“The Expanded Canon: Perspectives on Mormonism and Sacred Texts” is the first of a proposed collection of essays from various scholars and contributors (both Latter-day Saints and of other faiths). The purpose of each of the 14 essays is to present ideas pertaining to the canon/scriptures of The Church of Jesus Christ of Latter-day Saints.
The main thrust of the essays examines how the doctrine of an "open canon" in the church affects the belief system of members and leaders of the faith. The unique position of the church in regards to continuing revelation makes it necessary to identify which teachings should be considered scripture/canon and which are simply the ideas of a leader or member.
Authors such as David Frank Holland, Brian D. Birch, Claudia and Richard Bushman and others present differing views on how and why the church accepts some writings as scripture over others. Few solid conclusions are reached, but the discussions are "food for thought" to those interested in such things.1 comment on this story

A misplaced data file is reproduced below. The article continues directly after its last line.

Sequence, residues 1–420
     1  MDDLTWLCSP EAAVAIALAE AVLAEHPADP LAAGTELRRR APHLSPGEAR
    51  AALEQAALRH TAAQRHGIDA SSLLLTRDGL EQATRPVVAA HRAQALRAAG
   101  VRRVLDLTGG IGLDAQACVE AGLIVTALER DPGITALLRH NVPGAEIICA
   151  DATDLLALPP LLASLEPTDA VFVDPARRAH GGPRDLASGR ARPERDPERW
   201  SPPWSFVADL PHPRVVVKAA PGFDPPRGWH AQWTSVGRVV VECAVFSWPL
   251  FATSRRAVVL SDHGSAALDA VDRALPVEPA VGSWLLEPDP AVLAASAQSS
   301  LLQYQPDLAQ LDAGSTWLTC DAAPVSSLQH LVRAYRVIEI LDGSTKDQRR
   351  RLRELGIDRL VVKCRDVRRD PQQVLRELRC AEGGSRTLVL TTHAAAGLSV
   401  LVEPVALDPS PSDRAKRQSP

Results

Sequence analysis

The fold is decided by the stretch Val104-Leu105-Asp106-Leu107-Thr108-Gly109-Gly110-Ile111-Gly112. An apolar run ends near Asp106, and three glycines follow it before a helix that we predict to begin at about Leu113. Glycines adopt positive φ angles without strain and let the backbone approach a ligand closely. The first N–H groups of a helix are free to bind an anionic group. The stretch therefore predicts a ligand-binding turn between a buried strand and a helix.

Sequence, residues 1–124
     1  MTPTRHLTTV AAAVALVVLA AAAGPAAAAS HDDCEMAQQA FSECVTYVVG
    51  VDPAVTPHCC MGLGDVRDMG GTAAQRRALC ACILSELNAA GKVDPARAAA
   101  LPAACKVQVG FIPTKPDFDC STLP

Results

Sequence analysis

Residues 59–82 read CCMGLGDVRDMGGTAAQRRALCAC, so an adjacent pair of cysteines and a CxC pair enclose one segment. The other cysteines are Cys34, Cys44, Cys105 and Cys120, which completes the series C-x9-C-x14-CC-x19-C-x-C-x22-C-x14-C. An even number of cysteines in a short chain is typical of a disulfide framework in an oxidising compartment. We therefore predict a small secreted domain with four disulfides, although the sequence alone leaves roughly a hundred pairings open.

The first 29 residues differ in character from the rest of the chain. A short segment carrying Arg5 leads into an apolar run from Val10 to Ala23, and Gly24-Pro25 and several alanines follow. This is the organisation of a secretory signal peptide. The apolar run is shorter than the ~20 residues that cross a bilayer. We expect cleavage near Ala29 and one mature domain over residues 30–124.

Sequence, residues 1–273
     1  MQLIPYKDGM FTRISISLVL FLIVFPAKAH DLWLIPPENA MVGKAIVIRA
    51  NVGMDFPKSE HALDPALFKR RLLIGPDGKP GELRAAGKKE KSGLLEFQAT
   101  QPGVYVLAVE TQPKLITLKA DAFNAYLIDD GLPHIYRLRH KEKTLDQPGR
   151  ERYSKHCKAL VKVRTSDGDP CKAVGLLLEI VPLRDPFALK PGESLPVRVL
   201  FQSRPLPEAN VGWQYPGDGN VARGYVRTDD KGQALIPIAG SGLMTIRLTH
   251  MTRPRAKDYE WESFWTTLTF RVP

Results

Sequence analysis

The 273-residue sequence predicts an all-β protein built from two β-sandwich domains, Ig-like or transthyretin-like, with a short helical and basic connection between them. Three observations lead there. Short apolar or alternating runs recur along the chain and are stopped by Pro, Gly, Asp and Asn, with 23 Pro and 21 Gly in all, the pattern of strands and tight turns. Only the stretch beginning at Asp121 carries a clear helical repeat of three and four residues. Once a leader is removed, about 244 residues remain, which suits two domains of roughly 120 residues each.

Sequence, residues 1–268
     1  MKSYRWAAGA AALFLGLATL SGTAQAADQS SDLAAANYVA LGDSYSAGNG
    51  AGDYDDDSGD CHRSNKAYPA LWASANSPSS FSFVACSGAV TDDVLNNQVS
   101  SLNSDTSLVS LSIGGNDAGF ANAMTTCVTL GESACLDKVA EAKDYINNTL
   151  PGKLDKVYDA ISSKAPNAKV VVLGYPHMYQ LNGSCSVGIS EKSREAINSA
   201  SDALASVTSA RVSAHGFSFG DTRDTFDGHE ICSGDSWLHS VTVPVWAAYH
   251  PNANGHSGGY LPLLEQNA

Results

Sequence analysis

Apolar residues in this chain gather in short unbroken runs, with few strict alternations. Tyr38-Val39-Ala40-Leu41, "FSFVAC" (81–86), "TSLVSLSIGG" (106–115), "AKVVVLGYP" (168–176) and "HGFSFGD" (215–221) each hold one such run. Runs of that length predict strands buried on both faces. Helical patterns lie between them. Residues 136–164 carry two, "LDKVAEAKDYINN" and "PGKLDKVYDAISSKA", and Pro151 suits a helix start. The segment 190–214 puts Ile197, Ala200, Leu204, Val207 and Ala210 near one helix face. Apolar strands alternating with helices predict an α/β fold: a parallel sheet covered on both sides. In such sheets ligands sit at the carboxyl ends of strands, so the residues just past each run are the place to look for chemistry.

One outstanding example of welcome discussion comes in "Reading Women Back into the Scriptures" by Claudia Bushman. Despite the tone of the title, this essay is not just an attempt to press the religious world for the inclusion of women's voices in the scriptures. Rather, it serves as a cry for a more expansive look at possible preserved, inspired writings of faithful women that might be recognized as inspired and, thus, included as scripture.
Most of the essays are reasonably easy to read and understand, despite the scholarly focus. One may be somewhat unsettling because the focus is from an outside view of the faith, but as a whole, the writings are palatable.
This collection is being developed under the auspices of the Utah Valley University Comparative Mormon Studies Department.